Picture the scene: conditions are perfect, with flat seas and a clear blue sky. The atmosphere on the small boat is thick with testosterone and there is much whooping and hollering and backslapping as the six divers prepare their gear. The gauntlet has been thrown down. The challenge: to descend quickly down a reef wall to 90m on a single cylinder of air, collect a handful of sand and then come back to the surface. The two individuals accepting the challenge are young, physically fit, good swimmers and experienced divers. It is an initiation ceremony; the other guys on board have all completed the task previously and earned their “wings”. They are here today to cheer the new boys on.
Simon Pridmore has been part of the scuba diving scene in Asia, Europe and the United States (well, Guam) for the past 20 years or so. His latest book, Scuba Confidential, is available in paperback, audiobook and e-book on Amazon.
His new book, Scuba Professional, was releases in July 2015.
The six divers enter the water together and all descend to 40m where the four “veterans” stop and watch the other two continue on down. At first, all they can see are two streams of bubbles, and then the two streams become one. Then the bubbles stop. They wait. Time passes. They wait a little longer.
After 15 minutes with no sign of their missing buddies, concern turns into full-blown anxiety. They separate: two of the team head for the surface to run a boat search; the others stay underwater, peering down into the blue desperately hoping for a miracle—but to no avail, the two divers are never seen again.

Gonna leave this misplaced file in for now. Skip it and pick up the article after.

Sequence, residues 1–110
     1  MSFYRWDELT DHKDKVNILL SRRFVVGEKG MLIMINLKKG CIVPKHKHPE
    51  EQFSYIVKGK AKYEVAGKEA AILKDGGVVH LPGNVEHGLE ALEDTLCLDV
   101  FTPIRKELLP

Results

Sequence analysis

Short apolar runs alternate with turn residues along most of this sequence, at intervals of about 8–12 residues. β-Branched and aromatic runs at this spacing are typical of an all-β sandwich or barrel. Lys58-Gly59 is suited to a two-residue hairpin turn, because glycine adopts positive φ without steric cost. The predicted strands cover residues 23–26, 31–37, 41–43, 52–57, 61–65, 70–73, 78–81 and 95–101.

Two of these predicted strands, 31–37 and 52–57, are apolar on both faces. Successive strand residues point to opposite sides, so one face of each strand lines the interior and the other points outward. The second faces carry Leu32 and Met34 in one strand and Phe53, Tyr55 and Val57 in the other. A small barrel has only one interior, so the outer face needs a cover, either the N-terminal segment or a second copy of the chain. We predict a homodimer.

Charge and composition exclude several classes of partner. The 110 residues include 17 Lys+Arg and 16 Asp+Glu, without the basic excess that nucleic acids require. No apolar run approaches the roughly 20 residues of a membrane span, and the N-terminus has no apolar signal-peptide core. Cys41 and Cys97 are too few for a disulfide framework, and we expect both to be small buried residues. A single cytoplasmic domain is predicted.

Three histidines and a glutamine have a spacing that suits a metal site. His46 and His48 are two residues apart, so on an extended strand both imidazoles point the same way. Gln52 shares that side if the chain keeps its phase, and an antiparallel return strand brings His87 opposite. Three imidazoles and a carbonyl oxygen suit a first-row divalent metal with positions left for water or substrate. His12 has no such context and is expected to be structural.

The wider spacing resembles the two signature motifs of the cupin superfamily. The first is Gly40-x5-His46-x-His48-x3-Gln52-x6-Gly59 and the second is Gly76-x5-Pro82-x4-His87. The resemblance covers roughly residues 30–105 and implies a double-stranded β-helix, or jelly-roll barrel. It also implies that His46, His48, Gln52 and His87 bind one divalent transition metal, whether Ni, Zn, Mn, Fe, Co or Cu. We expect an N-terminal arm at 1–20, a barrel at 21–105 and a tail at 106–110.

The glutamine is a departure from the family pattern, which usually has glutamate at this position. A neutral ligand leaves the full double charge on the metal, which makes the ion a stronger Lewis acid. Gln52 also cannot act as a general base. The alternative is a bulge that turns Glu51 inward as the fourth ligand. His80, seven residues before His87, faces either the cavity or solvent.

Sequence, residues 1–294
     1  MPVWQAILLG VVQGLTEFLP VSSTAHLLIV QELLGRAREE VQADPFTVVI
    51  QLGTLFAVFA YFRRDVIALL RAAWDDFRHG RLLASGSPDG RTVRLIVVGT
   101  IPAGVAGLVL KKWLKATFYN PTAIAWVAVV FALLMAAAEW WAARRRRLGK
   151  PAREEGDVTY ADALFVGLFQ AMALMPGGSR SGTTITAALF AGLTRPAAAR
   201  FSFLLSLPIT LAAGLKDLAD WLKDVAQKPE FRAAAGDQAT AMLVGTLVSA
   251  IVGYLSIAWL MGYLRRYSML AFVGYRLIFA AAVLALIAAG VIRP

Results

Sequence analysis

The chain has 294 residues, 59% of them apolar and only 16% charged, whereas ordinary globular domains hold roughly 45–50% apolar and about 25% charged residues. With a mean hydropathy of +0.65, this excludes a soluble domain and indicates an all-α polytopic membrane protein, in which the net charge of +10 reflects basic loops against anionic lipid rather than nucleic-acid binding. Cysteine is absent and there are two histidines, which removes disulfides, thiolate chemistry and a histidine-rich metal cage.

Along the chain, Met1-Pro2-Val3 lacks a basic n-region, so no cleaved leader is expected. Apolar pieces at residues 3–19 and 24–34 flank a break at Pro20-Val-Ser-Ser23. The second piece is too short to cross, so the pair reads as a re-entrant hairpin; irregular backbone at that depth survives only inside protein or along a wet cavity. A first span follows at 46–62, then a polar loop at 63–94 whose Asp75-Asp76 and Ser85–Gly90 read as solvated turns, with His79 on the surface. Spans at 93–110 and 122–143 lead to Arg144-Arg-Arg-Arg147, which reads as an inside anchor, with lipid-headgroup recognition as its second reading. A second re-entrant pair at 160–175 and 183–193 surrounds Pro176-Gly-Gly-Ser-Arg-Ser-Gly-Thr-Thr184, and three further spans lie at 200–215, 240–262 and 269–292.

A dangerous game
Every year, people die diving deep on air. Many of the victims are expert divers; some are even professionals. The scuba training agencies set depth limits for both no decompression diving and planned decompression diving on air, but many interpret these limits as just well intentioned advice that might apply to beginners but certainly doesn’t apply to divers with their years of experience. So, while they may pass the warnings on faithfully to others, when they dive themselves, they do not practice what they preach and exceed the limits, often with tragic consequences.
These divers are ignoring a basic truth. Surviving ultra deep dives on air has nothing to do with experience, competence or courage. The reasons that diving deep on air is so dangerous are all bound up with human physiology itself and none of us can beat that. None of us is super-human!
The problem with deep air diving is not the “deep” word. Diving deep is fine, as long as you have the right experience, the right equipment, the right training and, most of all, the right gases. The problem is the “air” word and what happens to your body and mind when you breathe air underwater. There are four major issues, which can combine to cause deep divers insurmountable difficulties.
What are the problems with air?